Jerry Correll and Mary Correll filed a lawsuit on Dec. 8, 2015, against Marathon Petroleum Corporation, Meyer Oil Company, Illinois Tool Works and Chevron USA, claiming they are to blame for the benzene exposure that led to his blood disorder.
On May 18, Jerry Correll was diagnosed with myeoldyspastic syndrome (MDS). According to the American Cancer Society, MDS occurs when the blood-forming cells in the bone marrow are damaged, and is considered to be a type of cancer. The damaged cells have trouble making new ones. In about one-third of MDS patients, the condition can lead to acute myeloid leukemia (AML). Occupational exposure to benzene long-term is a risk factor of both MDS and AML.
Correll worked at a petrol refinery that was owned and operated by Chevron in Lawrenceville, Ill., from 1964-1969. From there, he worked at Marathon’s refinery in Robinson, Ill., from 1969-1999. In both workplaces, Correll claims he was exposed to excessive amounts of benzene.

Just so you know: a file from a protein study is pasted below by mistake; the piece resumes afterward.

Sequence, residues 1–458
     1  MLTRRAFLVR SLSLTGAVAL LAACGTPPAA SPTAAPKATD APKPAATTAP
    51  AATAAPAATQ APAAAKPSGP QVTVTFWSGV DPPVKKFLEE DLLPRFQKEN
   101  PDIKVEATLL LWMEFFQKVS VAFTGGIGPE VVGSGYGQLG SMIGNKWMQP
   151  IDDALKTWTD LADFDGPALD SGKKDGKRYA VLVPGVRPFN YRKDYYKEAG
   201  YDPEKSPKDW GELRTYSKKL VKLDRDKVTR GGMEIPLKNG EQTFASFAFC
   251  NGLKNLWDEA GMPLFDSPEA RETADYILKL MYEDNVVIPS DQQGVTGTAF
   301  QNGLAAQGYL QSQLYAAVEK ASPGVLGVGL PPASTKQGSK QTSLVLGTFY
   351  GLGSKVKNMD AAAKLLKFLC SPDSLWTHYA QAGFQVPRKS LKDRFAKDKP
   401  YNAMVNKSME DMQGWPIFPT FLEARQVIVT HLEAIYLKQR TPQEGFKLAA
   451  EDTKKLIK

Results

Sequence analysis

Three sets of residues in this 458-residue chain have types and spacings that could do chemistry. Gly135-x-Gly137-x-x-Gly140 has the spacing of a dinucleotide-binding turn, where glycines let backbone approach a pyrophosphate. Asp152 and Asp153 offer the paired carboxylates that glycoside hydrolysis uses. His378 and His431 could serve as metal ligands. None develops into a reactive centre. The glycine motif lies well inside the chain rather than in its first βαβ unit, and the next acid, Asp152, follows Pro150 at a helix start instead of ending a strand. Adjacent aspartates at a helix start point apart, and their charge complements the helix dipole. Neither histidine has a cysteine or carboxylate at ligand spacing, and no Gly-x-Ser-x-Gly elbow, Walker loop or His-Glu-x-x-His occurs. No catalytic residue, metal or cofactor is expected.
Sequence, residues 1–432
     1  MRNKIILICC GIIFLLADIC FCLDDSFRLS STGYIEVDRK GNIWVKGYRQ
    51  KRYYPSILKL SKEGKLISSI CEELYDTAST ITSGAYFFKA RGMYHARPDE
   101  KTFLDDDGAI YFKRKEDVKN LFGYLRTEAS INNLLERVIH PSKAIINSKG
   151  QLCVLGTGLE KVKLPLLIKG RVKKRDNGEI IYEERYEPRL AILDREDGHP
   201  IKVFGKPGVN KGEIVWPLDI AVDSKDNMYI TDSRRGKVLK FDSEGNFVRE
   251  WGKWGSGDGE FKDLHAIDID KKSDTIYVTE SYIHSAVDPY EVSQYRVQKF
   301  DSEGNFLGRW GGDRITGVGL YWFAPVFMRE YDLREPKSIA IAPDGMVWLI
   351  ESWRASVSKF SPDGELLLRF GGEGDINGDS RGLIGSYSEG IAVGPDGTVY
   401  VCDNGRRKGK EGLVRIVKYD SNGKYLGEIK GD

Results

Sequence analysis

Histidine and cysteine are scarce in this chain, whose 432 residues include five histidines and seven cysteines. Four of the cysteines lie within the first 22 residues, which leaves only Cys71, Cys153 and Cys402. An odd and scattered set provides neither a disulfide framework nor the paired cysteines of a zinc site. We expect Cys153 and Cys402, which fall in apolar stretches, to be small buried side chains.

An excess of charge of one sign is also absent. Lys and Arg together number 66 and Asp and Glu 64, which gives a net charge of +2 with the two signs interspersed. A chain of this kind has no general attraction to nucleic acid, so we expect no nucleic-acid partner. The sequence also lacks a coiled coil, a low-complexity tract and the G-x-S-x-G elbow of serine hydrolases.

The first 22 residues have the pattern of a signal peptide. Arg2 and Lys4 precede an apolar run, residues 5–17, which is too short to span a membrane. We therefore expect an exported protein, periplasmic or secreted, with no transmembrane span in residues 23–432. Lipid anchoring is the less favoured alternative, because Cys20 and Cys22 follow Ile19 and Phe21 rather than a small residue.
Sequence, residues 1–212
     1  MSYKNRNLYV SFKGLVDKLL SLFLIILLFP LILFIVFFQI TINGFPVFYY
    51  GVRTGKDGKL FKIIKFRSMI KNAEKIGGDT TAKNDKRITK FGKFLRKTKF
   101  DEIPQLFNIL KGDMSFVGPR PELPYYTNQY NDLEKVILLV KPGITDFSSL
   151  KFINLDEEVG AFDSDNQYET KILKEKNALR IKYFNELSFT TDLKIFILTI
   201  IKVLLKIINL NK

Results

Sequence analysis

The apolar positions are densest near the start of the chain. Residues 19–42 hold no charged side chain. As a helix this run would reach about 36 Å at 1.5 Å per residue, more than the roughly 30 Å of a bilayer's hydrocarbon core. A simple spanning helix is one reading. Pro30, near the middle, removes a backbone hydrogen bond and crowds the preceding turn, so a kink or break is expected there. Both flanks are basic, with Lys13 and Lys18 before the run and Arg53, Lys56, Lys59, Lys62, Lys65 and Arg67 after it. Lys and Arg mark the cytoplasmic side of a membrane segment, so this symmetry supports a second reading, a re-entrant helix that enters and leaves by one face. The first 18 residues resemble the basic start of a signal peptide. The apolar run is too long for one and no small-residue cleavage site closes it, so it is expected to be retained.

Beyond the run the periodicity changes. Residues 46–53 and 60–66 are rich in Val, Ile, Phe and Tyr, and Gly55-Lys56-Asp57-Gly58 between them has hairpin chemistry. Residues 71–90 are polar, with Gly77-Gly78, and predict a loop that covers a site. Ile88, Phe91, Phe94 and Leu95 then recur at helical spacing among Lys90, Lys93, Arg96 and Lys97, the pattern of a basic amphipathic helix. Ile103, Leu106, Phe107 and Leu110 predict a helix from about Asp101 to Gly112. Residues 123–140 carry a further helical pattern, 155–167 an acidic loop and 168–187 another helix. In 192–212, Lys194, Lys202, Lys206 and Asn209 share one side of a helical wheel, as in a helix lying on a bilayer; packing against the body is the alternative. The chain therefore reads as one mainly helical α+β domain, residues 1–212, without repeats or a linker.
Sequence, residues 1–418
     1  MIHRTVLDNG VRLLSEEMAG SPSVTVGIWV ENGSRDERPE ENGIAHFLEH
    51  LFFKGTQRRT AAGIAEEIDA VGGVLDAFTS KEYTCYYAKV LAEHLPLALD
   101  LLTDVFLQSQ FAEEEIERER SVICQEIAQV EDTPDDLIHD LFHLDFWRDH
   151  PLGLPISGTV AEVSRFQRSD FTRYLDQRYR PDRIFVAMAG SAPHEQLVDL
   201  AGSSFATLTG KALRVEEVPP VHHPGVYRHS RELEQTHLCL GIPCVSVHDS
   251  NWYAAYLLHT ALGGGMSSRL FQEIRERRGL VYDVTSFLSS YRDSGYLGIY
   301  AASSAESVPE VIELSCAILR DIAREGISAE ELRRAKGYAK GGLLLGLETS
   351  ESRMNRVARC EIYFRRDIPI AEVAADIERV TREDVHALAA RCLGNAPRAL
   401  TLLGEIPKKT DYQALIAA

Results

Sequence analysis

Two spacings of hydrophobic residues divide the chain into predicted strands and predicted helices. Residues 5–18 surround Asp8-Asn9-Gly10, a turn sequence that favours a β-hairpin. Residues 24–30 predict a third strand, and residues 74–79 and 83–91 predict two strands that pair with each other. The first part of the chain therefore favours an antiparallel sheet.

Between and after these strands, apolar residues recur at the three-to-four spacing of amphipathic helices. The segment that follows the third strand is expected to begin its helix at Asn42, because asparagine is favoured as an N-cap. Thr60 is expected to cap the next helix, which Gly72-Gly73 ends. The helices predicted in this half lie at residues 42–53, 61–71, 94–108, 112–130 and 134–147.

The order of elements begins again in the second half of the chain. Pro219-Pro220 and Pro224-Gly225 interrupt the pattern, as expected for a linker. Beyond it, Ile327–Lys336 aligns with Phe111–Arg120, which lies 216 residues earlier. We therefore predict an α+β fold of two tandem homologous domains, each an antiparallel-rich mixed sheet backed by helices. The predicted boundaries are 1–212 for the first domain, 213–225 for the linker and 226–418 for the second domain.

Because he purchased gasoline from both Chevron and Marathon (which contains benzene) and used carb-and-choke cleaner (also containing benzene) made by Illinois Tool Works, Correll says his benzene exposure continued through their products.
On-the-job exposure is a particular danger for benzene-related illnesses and injuries. People who work in close proximity to benzene or benzene-containing products can be put at serious risk because their exposure can occur at much higher levels and for prolonged periods of time.
Workers that are at higher risk of benzene exposure include (but are not limited to) automobile mechanics, floor layers, carpet cleaners, petroleum refining and extraction, petroleum product shipping and transport, and steel workers.